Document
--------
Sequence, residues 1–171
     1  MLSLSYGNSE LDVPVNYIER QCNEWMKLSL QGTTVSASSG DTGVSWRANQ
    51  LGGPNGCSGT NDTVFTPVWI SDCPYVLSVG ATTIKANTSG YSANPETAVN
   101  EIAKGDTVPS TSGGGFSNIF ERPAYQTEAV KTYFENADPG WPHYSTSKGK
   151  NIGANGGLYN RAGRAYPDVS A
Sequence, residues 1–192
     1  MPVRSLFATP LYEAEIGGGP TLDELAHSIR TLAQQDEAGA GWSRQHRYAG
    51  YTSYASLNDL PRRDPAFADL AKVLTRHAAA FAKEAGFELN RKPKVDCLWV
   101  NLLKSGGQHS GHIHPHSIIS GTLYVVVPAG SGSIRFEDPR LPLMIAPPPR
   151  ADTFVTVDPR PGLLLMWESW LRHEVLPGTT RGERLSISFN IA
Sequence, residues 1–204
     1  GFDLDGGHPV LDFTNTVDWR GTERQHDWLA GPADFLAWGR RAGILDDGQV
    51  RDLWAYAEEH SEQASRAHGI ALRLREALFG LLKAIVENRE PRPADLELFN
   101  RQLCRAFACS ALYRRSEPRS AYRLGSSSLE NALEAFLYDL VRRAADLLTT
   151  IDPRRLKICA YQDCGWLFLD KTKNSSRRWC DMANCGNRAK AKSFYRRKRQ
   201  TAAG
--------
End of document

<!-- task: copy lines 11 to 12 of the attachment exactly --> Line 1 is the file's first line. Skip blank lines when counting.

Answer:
Sequence, residues 1–204
     1  GFDLDGGHPV LDFTNTVDWR GTERQHDWLA GPADFLAWGR RAGILDDGQV